Richard Peña About Cinema for Social Change
small, Richard Peña About Cinema for Social Change, Richard Peña, photo: courtesy of the organisers, richard_pena_portret.jpg
Cinema for Social Change, a project jointly organised by Culture.pl and IDFF CRONOGRAF, will launch in Chisinau on the 12th to the 18th May. Here are some words from Richard Peña, one of the founders of the idea.
Cinema for Social Change
For a second year, the Adam Mickiewicz Institute— through its program, Culture.pl program — has invited me and Adam Michnik to organize and present a series of films that address some of the essential political and social issues facing all of us today. After reviewing a large sample of films, we have come up with the list of seven that are included in this series; we hope you will have the chance to see them all, as they represent not only a range of important topics but also a wide variety of cinematic styles.
Although we did not enter into this selection process with preconceived idea of a theme or a topic that we wanted to address, I’m struck when looking over this list how many of the films seem to center around the concept of movement. In some cases, that movement is quite literal: films such as Long Way Home and Which Way Home deal literally with characters who venture hundreds or even thousands of miles from their homes. Yet movement also figures in a film such as Even the Rain, in this case the movement of international capital, as we see how a multinational corporation can come into a nation and take control of something even as vital as the water supply. The powerful Moldavian documentary The Wired Prut is actually a portrait of the restriction of movement, as we see the impact of political machinations of leaders hundreds of miles away on the daily lives of people who used to form a single community. Finally, It's Hard to be Loved by Jerks, we see one of the problematic aspects of all the international movement of populations and cultures: what happens when your political rights run up against my religious values?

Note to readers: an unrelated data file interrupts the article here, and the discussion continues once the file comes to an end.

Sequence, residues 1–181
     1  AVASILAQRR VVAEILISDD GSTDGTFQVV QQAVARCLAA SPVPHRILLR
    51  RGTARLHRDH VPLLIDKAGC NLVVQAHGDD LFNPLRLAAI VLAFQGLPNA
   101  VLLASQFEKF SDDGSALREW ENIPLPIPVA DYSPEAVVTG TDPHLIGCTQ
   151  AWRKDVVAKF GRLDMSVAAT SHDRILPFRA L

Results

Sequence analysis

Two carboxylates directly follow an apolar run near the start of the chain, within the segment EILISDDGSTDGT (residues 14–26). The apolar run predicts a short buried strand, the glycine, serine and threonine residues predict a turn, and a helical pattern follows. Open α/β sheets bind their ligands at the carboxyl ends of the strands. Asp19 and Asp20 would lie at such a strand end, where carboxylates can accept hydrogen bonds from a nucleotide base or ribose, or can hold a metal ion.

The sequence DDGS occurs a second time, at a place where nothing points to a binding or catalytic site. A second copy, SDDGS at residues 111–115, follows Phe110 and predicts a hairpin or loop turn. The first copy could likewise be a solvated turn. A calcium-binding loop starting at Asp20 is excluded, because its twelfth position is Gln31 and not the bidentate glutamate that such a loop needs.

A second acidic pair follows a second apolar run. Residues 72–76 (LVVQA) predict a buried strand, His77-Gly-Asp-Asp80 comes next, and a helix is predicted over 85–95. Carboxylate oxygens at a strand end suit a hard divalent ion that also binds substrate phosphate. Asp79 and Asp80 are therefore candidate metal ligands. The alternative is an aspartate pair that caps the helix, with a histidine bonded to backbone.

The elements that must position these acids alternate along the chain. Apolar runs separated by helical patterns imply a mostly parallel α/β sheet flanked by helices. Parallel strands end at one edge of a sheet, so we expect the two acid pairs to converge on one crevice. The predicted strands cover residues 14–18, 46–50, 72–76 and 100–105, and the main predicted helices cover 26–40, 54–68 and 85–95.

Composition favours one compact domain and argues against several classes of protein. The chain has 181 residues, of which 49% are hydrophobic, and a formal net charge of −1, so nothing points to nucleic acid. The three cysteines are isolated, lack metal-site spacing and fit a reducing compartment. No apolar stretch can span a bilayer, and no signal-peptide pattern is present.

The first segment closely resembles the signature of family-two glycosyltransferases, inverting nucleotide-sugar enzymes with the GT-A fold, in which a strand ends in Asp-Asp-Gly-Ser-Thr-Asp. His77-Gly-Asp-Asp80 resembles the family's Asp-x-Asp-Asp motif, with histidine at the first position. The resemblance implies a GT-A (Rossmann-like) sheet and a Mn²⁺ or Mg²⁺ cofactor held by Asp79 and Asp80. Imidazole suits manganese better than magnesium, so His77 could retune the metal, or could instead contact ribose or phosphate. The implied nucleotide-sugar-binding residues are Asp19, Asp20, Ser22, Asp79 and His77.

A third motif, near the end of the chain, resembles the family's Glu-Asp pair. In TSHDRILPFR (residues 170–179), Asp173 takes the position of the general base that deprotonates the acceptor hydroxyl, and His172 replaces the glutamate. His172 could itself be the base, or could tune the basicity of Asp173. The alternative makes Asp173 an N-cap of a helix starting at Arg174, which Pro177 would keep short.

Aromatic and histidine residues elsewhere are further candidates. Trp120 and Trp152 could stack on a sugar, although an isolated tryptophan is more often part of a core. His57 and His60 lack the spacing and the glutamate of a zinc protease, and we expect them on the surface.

Especially in a world in which technological advances has made the transfer of people and ideas so easy, movement has come to be one of our most cherished if most contested ideals. People should be allowed to go where they want, to live where they want; this is a belief that has special resonance for me, as an American, as I live in a country in which all but the three million or so who claim Native American ancestry are immigrants of one sort or another. I myself am “first generation;” I was born in New York, but neither of my parents were born in the United States, so I’m deeply concerned about the current and increasingly polarized discussions about immigration to the U.S.
The films we have selected do not provide any answers to the issues they address; rather what they do attempt is to provide a human face to those issues, to move these discussions out of the realm of abstract political debate and onto the terrain of the actual lives of citizens from around the world—from China to France to Bolivia to Moldova to El Salvador to Poland and beyond. We look forward to screening them for you as well as hearing your thoughts and reactions to them.
Director Emeritus, New York Film Festival
Professor of Film Studies, Columbia University